USDA Agrees To Allow Meat
To Be Labeled 'Organic'
WASHINGTON (AP) - Consumers who want to expand their menu of organic foods soon will find organic meat and poultry products on store shelves.
The Agriculture Department agreed Thursday to allow the labels while the agency continues work on national standards for all organic foods.
``This announcement means more information and more choice for American consumers,'' Agriculture Secretary Dan Glickman said. ``It will help organic family farmers and ranchers further expand their already growing markets.''
Organic certification generally means no pesticides, herbicides or preservatives have been sprayed on the growing fruits or vegetables. For livestock, organic producers mostly shun the use of antibiotics and confined feeding areas, opting instead to give organic animals access to the outdoors, fresh air and sunlight.
Katherine DiMatteo, executive director of the Organic Trade Association, called the decision ``a victory for the organic industry and consumers.''
``We've been working on this issue for about eight years,'' DiMatteo said. ``I think people have an interest in having choices in the marketplace.''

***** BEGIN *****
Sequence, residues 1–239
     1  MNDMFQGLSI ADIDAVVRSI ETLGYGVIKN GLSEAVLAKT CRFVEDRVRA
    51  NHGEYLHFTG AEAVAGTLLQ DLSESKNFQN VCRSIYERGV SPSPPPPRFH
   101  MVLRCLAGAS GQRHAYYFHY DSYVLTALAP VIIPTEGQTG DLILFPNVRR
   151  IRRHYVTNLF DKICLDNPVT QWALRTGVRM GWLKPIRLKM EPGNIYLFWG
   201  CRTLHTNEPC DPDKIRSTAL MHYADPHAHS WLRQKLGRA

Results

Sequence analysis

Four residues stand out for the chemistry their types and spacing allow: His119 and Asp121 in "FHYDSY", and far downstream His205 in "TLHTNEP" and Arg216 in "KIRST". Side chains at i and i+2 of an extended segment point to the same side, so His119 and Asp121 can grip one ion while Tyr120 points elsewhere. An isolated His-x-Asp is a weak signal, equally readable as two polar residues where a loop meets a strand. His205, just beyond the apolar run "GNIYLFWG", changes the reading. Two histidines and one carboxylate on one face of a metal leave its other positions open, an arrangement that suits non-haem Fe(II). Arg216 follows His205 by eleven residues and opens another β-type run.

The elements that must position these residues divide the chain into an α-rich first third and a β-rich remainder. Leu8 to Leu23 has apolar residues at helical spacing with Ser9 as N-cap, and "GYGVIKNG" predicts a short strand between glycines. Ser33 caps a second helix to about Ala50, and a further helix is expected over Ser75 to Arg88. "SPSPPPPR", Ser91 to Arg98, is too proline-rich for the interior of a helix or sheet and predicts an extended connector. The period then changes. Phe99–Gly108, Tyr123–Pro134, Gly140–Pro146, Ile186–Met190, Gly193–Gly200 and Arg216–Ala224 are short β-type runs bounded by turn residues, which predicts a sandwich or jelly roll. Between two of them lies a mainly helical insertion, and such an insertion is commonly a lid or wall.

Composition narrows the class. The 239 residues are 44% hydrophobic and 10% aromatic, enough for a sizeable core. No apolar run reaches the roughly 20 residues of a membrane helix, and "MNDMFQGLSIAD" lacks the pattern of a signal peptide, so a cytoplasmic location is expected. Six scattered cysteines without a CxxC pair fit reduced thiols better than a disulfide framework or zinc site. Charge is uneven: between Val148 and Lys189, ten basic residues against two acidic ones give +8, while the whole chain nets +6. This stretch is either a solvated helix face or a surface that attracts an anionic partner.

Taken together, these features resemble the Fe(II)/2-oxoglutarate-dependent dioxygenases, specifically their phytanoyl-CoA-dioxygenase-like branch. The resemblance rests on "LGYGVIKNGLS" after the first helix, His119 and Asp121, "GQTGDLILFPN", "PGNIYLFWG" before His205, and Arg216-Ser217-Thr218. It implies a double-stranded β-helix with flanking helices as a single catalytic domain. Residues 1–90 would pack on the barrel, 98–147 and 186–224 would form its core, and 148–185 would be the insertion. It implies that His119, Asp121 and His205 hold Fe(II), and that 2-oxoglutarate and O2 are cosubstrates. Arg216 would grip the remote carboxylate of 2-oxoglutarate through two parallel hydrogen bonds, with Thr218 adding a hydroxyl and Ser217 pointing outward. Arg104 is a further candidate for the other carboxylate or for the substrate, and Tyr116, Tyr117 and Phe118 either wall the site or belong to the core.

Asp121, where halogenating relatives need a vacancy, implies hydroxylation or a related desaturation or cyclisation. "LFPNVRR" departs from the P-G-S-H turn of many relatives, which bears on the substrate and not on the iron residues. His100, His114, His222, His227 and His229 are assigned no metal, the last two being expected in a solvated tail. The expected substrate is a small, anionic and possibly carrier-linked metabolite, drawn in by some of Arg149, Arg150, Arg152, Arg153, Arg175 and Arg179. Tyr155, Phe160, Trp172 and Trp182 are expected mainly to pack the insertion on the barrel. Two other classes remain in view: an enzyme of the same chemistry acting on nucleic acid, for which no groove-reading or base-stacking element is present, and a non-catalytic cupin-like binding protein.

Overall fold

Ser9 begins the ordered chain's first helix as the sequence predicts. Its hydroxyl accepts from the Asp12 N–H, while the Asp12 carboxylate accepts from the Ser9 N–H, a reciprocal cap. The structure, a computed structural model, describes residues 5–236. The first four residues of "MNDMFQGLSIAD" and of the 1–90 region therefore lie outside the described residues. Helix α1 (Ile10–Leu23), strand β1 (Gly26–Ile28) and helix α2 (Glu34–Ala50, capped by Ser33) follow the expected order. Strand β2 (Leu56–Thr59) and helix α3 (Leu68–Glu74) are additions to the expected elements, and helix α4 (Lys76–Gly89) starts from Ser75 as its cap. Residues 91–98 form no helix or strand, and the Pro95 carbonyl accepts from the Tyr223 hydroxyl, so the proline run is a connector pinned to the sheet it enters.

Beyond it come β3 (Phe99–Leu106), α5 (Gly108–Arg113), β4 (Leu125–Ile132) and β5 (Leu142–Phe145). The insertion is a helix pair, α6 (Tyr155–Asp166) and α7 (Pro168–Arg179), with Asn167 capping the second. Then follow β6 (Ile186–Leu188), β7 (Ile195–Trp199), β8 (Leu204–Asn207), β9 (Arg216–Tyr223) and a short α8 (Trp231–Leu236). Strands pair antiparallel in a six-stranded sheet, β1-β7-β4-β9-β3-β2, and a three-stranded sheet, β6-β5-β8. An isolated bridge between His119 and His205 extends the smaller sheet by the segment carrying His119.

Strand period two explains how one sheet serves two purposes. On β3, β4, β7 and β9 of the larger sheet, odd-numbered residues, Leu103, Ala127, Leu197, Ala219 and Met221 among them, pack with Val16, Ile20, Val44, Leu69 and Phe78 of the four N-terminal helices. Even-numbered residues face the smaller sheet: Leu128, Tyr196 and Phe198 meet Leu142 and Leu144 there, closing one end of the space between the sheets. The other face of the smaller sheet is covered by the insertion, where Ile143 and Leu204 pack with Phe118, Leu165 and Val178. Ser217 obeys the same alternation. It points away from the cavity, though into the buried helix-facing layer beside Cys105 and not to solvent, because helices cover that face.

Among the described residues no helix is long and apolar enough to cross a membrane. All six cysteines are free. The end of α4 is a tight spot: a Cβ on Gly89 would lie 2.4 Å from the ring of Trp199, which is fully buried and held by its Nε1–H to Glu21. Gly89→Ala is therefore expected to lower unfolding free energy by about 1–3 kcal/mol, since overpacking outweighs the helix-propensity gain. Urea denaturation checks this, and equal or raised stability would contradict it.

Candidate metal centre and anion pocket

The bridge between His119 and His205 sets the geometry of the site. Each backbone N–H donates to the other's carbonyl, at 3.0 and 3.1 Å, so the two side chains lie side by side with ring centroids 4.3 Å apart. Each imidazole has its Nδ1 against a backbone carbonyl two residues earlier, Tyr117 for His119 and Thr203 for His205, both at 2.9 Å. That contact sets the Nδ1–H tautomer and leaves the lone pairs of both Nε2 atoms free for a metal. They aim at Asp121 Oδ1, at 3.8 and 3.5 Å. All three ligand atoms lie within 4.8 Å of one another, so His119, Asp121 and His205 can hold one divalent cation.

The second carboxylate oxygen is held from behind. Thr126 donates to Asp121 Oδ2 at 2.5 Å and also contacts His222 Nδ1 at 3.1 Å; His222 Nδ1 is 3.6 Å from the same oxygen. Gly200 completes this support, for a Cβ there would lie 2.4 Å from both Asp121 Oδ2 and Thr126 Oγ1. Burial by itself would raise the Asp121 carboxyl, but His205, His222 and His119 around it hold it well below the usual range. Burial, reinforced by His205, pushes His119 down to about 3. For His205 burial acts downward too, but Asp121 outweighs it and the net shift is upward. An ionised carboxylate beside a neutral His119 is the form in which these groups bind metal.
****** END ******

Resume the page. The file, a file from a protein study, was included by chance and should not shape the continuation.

DiMatteo said consumers will see the first organic meat, poultry and egg products in stores by early spring. Certified organic meat processors will have to apply to USDA for label approval.
Naturally grown fruits, vegetables and other products have been allowed to carry the organic label for some time. Until Thursday, USDA had prohibited the label for meat, which is more strictly regulated.
To alleviate the disparity and respond to a growing organic industry, USDA is developing national standards to cover the entire industry. The rules would replace a hodgepodge of state and private certification programs that sometimes differ on their definition of organic.
Glickman chose to allow meat labels in the interim, partly because development of national standards is taking longer than expected, officials said. Aides said he also thought the rule would provide a boost for organic farmers, who tend to be smaller family farmers.
The organic industry has grown in recent years as more and more consumers become worried about health effects of pesticides and other chemicals in food and about Earth's ability to sustain conventional farming.
The Organic Trade Association estimates that the organic industry is growing at least 20 percent a year, with current overall sales of about $4.2 billion.